Funding Information:
The hydroclimate variability interpreted in base to the ?18O composite record produced in this study is compared with previously published reconstructions derived from marine sediments from the same area and for the same period: (i) SST based on Mg/Ca analysed on the planktonic foraminifera Globigerina bulloides (Cisneros et al., 2016); and (ii) Deep Water Formation (DWF) variability in the Gulf of Lions based on the grain-size parameter UP10, which corresponds to the fraction coarser than 10 ?m and can be used as a proxy of deep-current variability (Cisneros et al., 2019). This comparison shows that dry conditions in Mallorca, represented by heavier ?18O values in the Mallorca composite record, occurred during both warm and cold periods indicated by SST variations (Fig. 7). This complex relationship is well illustrated when RP and EMA periods are compared. During RP climate conditions evolved from cold and wet to warm and dry while during the EMA, climate migrated from warmer/wetter conditions to colder/drier conditions (Fig. 7). These observations highlight the complexity in the climatic response of the region and also suggest the RP and EMA transition as a period of breakdown in the operation mode of the regional climate variability (Cisneros et al., 2019). Regarding the relationship of the ?18O composite with the proxy of DWF, deep convection was mostly enhanced during the rather dry periods as part of the TP, part of the RP and EMA supporting previous hypothesis that linked events of reinforced DWF to enhanced evaporation-precipitation balance (Cisneros et al., 2019). However, a perfect match between high ?18O values and high UP10 is not always evident, since this connection in compromised by the uncertainties in the marine chronologies, its lower resolution and the speleothem hiatus during the MCA and LIAa.We thank financial support from ERC-Consolider Grant TIMED (683237); OPERA (CTM2013-48639-C2-1-R); PLIOKAR (CGL2013-48441-P); CHIMERA (CTM2016-75411-R); PLIOKAR-II (CGL2016-79246-P, AEI-FEDER, EU); SPYRIT (CGL2016-77479-R) and Generalitat de Catalunya, Grups de Recerca Consolidats (2017 SGR 315) to GRC Geoci?ncies Marines. We are grateful to M. Guart and A. Gallardo (Dept. de Din?mica de la Terra i de l'Oce?, Universitat de Barcelona), J. Perona, T. Bullich, M. Aulet and ?. San Mart?n for their collaboration in the laboratory tasks, and A. Pilares for his collaboration in the fieldwork. M. Cisneros benefited from a fellowship of the UB. IC thanks ICREA Academia programme from the Generalitat de Catalunya.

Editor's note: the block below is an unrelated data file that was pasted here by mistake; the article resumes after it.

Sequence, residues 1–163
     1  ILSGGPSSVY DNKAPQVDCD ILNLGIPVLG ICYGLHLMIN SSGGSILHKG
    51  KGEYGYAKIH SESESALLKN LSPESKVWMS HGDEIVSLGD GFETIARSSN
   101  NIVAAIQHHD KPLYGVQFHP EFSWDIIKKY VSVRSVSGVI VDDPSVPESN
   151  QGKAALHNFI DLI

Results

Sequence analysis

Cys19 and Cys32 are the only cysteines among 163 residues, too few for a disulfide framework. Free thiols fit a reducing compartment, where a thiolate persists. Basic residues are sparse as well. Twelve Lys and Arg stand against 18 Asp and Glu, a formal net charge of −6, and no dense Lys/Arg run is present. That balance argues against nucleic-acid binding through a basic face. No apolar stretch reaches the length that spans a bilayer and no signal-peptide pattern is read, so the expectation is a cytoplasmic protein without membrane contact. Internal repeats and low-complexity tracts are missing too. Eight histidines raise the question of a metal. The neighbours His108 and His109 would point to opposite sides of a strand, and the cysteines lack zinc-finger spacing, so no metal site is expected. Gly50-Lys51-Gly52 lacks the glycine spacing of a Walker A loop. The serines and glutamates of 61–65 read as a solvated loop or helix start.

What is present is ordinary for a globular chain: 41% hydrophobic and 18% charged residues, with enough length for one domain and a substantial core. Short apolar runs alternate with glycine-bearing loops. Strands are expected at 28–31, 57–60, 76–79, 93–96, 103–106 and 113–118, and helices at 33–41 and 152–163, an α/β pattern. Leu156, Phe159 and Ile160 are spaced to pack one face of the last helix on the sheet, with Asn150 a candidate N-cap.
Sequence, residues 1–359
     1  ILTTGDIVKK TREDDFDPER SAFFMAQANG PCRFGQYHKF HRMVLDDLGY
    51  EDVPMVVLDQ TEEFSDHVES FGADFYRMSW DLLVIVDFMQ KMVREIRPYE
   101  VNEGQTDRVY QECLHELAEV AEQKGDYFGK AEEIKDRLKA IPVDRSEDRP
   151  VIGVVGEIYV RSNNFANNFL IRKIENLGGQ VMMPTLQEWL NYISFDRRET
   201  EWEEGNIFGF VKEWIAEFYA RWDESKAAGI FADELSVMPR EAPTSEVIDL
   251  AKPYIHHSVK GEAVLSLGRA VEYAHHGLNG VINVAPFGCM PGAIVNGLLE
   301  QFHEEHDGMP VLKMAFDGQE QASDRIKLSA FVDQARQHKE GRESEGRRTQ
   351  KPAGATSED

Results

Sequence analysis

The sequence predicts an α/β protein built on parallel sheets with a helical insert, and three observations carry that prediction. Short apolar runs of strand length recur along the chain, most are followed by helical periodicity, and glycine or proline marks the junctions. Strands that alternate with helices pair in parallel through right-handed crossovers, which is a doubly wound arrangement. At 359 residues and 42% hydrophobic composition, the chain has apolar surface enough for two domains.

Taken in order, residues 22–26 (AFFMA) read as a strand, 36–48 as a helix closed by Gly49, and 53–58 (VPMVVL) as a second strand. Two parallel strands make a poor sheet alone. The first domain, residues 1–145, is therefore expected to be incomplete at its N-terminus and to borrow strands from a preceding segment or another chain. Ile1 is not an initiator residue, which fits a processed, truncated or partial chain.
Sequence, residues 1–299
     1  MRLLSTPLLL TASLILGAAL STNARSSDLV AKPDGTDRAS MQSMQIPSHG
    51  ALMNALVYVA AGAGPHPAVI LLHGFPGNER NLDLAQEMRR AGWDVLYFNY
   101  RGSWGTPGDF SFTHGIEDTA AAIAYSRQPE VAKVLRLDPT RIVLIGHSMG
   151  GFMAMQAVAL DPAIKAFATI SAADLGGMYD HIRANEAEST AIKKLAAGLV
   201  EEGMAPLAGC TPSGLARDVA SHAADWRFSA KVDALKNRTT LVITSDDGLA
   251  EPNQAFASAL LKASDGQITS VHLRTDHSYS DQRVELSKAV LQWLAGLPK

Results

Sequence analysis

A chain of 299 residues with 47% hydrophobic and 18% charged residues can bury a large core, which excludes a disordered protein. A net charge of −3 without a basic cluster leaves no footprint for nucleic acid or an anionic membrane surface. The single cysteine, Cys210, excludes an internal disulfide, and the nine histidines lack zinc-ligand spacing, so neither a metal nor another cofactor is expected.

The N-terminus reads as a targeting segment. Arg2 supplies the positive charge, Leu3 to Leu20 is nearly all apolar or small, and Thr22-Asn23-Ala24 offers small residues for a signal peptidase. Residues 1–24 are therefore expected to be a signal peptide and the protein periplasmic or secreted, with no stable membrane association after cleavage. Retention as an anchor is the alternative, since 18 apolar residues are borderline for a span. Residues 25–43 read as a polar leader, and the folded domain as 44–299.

Publisher Copyright:
© 2021 The Authors

Keywords

  • Central-western Mediterranean
  • Hydroclimate variability
  • Late Holocene
  • Muti-proxy records
  • Stalagmites